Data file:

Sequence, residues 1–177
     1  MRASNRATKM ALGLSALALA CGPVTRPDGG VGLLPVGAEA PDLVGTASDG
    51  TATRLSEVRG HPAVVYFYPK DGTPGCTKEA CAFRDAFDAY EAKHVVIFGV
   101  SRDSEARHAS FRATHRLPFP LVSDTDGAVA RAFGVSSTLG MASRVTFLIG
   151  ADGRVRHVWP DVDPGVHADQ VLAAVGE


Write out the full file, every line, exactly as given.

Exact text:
Sequence, residues 1–177
     1  MRASNRATKM ALGLSALALA CGPVTRPDGG VGLLPVGAEA PDLVGTASDG
    51  TATRLSEVRG HPAVVYFYPK DGTPGCTKEA CAFRDAFDAY EAKHVVIFGV
   101  SRDSEARHAS FRATHRLPFP LVSDTDGAVA RAFGVSSTLG MASRVTFLIG
   151  ADGRVRHVWP DVDPGVHADQ VLAAVGE